Microbiota Assessed by Clone Libraries and Community Profiling Techniques

Two PCR-based profiling strategies have been used to obtain an overall profile of complex bacterial communities—clone libraries and PCR-DGGE [or alternatively PCR-TGGE (temperature gradient gel electrophoresis)]. Both utilize universal PCR primers to amplify the 16S rRNA genes from total DNA isolated from samples.

Suau and colleagues (15) prepared a detailed phylogenetic inventory of the fecal microbiota of a healthy 40-year-old male subject using PCR-cloning. A total of 520 clones were obtained from two transformations of the same ligation product from the 10-cycle PCR amplification (120 from the first and 400 from the second). The 282 clones that were sequenced were classified as belonging to 82 molecular species, 20 of which corresponded to bacteria previously cultivated from human stool samples (i.e., 24% corresponded to sequences available in public databases). Three major monophyletic groups contained 270 (95.7%) of the 282 clones; the Clos. coccoides group (125 clones), the Bacteroides group (88 clones) and the Clos. leptum group (57 clones). The remainder of the clones were distributed among a variety of phylogenetic clusters; two belonged to recognized molecular species (Streptococcus salivarius and Streptococcus parasanguinis), whilst the remainder were potentially novel molecular species. Most interesting was a lack of bifidobacterial sequences amongst the clones analyzed (even though rRNA dot-blot hybridizations indicated the carriage of bifidobacteria). Two possibilities could explain this: (1) lack of amplification of bifidobacteria! rRNA genes, due to DNA extraction protocol, denaturation conditions during PCR, or amplification efficiency; and (2) coverage of the biodiversity provided by the 282 clones was insufficient (coverage was calculated to be 85%; thus, the probability that the 283rd clone was a different molecular species from the 82 already observed was 15%). An investigation of the 25-cycle PCR clone library was performed in parallel to this work, using the same subject (57). Comparison of the 10- and 25-cycle approaches demonstrated that PCR cycle number influences the diversity of the resulting phylogenetic profile. The clonal library obtained from the 25-cycle PCR was less diversified than that from the 10-cycle PCR. However, differences in diversity were seen between the two methods. That is, molecular species or operational taxonomic units (OTUs) were present in the 25-cycle PCR clone library that were not represented in the 10-cycle PCR clone library.

Previous work by Wilson and Blitchington (58) demonstrated somewhat similar results, with 25 of 50 clones (50%) classified as Clos. leptum subgroup, 34% as Bacteroides group and 10% as Clos. coccoides group. The disparity in the clostridial representation of the different clone libraries most probably reflects either inter-individual variations or disparity of the protocols. However, bifidobacteria were again absent from the clone library. In addition, Eubacterium rectale was not covered in the clone library in this earlier study, although Eub. rectale isolates were cultured from the same sample (58). These data highlight the difficulty to approach full coverage of the complex microbiota and further demonstrate that a polyphasic approach is pertinent. However, such work has enabled identification of previously unknown components of the fecal microbiota, and the sequence data can be used to develop new probing strategies to accurately quantify such bacteria.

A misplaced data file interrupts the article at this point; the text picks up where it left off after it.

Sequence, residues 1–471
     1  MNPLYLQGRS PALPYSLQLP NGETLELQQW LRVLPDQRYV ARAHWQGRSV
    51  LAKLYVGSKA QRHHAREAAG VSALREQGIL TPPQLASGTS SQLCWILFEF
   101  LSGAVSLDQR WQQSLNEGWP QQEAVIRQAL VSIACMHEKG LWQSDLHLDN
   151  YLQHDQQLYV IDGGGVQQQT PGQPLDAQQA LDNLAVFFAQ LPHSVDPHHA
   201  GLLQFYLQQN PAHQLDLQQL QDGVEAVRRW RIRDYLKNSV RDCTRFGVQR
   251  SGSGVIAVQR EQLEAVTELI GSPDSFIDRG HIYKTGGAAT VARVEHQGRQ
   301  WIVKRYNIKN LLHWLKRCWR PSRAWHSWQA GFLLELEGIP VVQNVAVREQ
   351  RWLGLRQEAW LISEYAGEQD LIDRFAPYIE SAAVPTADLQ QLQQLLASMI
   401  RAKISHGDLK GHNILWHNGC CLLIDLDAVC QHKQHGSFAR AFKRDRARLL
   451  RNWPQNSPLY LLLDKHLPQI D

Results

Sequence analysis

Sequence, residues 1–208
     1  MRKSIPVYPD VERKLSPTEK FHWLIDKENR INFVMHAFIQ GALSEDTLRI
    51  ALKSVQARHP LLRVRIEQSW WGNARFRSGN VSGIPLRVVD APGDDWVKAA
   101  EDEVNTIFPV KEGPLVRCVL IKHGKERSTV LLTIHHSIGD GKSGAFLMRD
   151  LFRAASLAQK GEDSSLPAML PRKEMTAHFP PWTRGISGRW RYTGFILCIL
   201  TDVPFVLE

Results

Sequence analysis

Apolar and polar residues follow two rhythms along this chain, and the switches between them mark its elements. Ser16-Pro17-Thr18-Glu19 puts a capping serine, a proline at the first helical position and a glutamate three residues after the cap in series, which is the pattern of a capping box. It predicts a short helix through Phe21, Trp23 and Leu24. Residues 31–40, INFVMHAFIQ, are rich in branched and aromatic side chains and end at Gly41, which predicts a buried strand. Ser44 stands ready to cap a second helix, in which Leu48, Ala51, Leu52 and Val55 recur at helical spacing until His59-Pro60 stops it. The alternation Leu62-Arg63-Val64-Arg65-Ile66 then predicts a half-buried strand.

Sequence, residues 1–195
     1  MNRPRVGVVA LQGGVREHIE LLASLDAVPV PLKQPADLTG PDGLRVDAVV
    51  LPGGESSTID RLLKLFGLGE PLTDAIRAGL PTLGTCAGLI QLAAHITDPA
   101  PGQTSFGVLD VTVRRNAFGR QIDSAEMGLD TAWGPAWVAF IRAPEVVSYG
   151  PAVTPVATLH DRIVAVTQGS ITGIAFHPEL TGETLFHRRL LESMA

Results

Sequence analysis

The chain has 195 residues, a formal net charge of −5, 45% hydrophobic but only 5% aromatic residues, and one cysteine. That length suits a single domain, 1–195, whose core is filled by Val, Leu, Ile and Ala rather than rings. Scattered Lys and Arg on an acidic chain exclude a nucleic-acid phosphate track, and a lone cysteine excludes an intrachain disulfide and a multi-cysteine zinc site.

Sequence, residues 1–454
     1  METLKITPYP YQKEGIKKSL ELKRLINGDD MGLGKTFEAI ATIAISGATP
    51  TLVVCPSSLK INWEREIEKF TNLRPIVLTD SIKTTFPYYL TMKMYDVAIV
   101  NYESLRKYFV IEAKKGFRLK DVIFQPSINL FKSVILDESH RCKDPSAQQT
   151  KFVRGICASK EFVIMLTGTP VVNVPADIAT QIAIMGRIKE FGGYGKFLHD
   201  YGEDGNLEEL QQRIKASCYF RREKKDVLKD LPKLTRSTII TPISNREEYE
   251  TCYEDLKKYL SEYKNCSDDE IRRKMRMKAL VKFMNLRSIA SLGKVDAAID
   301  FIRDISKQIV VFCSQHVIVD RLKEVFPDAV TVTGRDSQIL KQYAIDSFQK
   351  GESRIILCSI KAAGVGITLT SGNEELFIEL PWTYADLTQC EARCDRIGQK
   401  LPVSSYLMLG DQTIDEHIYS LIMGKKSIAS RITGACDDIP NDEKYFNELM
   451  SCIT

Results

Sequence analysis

Work carried out as part of the European Union (EU) human gut microbiota project using PCR clone libraries demonstrated that microbial diversity increased with age (57). In addition, the percentage of OTUs corresponding to known molecular species was highest in infants and lowest in the elderly subjects. Thus, not only was the microbial diversity greater in the elderly subjects, but also 92% of OTUs were undescribed (potentially novel) species.

The alternative to sequencing and subsequent phylogenetic analysis of clone libraries is to employ TGGE or DGGE to separate the 16S rRNA gene clones. Such techniques essentially provide a fingerprint representation of the numerically dominant members of the microbial community and allow rapid profiling of the microbial diversity of different samples (59). In addition, the TGGE/DGGE patterns can be used to selectively identify 16S rRNA amplicons of interest for characterization (which is achieved by sequencing and phylogenetic analysis). Recent years have seen an explosion in the development and application of TGGE and DGGE in human gut microbiology (Table 4). Zoetendal and coworkers (56) demonstrated the use of TGGE for monitoring the bacterial composition of human fecal samples. They compared the PCR-TGGE profiles of 16 healthy adults and identified host-specific patterns reflecting inter-individual variation in the predominant microbiota of stool samples. Some bands were seen in samples from multiple subjects, suggesting that certain members of the predominant human fecal microbiota were common across the volunteers (56). In addition, the study encompassed longer-term surveillance of the microbial community of two subjects. The PCR-TGGE profiles of each individual did not differ greatly with time, demonstrating that the predominant bacterial species were relatively stable. Phylogenetic analysis of the predominant bacteria was performed via cloning and sequencing. PCR-TGGE of each clone enabled mobility comparisons and showed 45 of the 78 clones had similar mobility to one of the 15 prominent bands of the fecal PCR-TGGE profile. This work demonstrated that the majority of predominant bacterial species represented in the fingerprint did not

Table 4 Application of TGGE/DGGE in Human Gut Microbiology

Reference

Target population

Subjects

Investigation

Overall results

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